First-year Victoria film festival asks for city support
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The amount the city expects to collect in hotel occupancy taxes this year: $1,301,60015% of those funds that can be spent on the arts: $195,240The council will have a second reading of an ordinance Tuesday evening that allocates $147,500 of ...
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The amount the city expects to collect in hotel occupancy taxes this year: $1,301,60015% of those funds that can be spent on the arts: $195,240The council will have a second reading of an ordinance Tuesday evening that allocates $147,500 of hotel occupancy taxes funds to the arts, potentially leaving $47,740 unspoken for.
The Victoria City Council will meet in a special work session Friday to discuss funding for a springtime film festival at the downtown performing arts center.
Anthony Pedone, executive director of the Victoria Texas Independent Film Festival, said that although the March event is not completely funded, "it's a go."
"It is what it is," he said Thursday. "The dates are booked. We bought the dress."
O.C. Garza, the city's director of communications, said the work session, scheduled for 4 p.m. in the council chamber, is to discuss the proposed event and figure out if it is something that should be and can be financially supported through hotel/motel occupancy tax funds.
"We have already collected some funds that are not included in the budget, that would be council's determination" to spend, Garza said. "As a city, we spend budgeted funds, but as we collect funds, the council can always come back and request that other things be added or taken out of the budget."
The city has that option with hotel occupancy tax funds, he said.
City Attorney Thomas Gwosdz said the legal standard for spending the hotel occupancy tax funds is that it must promote tourism, the convention and hotel industry.
"Generally, it means you're putting people in hotels overnight," he said.
Based on what he has seen about Pedone's festival, the event meets the criteria for that funding, Gwosdz said.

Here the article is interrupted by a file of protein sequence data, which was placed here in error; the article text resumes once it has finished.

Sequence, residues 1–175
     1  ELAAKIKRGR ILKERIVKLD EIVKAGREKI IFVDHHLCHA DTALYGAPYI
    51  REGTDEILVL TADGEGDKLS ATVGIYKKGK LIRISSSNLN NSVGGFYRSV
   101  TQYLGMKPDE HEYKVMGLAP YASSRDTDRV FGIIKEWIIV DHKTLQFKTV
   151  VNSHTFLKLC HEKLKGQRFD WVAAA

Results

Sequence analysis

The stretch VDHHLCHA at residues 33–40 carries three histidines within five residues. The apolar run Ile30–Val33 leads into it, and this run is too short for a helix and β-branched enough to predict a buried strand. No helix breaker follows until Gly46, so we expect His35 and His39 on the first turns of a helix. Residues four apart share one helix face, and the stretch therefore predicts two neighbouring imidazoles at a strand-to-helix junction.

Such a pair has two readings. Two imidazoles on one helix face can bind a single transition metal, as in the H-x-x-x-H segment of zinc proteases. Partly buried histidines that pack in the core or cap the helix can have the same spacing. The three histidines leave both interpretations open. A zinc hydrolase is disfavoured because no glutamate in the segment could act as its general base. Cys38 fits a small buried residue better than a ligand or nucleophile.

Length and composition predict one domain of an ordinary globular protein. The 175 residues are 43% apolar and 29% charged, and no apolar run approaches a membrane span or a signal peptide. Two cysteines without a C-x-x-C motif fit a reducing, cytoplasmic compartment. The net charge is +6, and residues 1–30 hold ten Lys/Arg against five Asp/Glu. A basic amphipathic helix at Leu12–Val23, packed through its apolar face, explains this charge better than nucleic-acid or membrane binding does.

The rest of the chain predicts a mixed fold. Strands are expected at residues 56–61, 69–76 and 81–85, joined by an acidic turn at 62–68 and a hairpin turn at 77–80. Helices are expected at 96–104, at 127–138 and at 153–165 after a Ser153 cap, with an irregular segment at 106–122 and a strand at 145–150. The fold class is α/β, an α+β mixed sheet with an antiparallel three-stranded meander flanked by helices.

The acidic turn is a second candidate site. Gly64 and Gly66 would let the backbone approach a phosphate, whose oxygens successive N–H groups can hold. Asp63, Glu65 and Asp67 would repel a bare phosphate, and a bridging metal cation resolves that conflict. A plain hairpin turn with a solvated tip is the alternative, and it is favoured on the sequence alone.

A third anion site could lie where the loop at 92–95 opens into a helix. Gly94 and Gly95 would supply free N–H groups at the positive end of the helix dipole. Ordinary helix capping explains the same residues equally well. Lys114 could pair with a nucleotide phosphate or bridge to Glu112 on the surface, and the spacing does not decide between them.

Pedone approached the city council a few months ago about his dream festival, scheduled March 22-24 at the Leo J. Welder Center for the Performing Arts, the week after Austin's South by South West festival.
However, he said, he did not at first get the impression the city would financially support it.
"We're still doing the festival, but I would love if the city was behind it," Pedone said.
Councilman Joe Truman said he sees the festival as an opportunity to see Victoria grow.
"I'm not going to throw away money frivolously," he said.
However, if the festival passes his criteria, he said he would consider covering the rental fees for the Welder Center.
"This is the initial talking phase to see if it's something that would generate some buzz about Victoria," he said.
Convention and Visitors Bureau Director LaRue Roth seemed confident the festival would. She said it fills a need in the city's arts scene.
"Film festivals are scheduled in cool places. It kicks it up a notch here," she said.
Nonetheless, the Friday meeting has thrown red flags up to at least one taxpayer.
Jeff Williams, a Victoria business owner, said he is concerned about the timing of the meeting.
"Everything seems to want to be done in secret," he said. "My concern is - the money, they will do whatever they want to with the money - but something like this that could have been discussed during a normal meeting was done on a Friday night."
He said he did not plan to attend the meeting.
City Councilman Gabriel Soliz said he had reservations about allocating funds to a first-year event.
"I think it's a wonderful idea if it was initiated by private investors first," Soliz said.
He said he would be more apt to funding a festival after it had an established track record of attracting people to Victoria.
"To come out and have a business plan where we do the investing is a gamble with taxpayer money," Soliz said. "It's something that I really am hesitant to embrace without seeing the private sector initiate (funding)."
Pedone said the event already has local sponsors and a major alcohol sponsorship in the works.
"It's about the independent artists," Pedone said. "The sponsors are who make it happen, but the name is in honor of and the spirit of independent artists."
Robert J. Hewitt Jr., who is on the board that manages the Victoria Performance Arts Center, will handle the festival's finances.
"I've gotten to know Anthony. He's certainly enthusiastic, and he believes in what he's doing," Hewitt said. "I'm sure he'll do a good job, but he needs some depth on his bench to handle the money, and that's what we're doing here."
Victoria Performance Arts Center is "sussing out" the festival's needs in conjunction with a separate $200,000 plan to retrofit the 500-seat space with screens and projectors for future events and conferences, Hewitt said.
"We want to do what we can to help support and provide momentum for the downtown revitalization project," Hewitt said. "This gives the Welder Center a whole different set of tools to put at the public's disposal."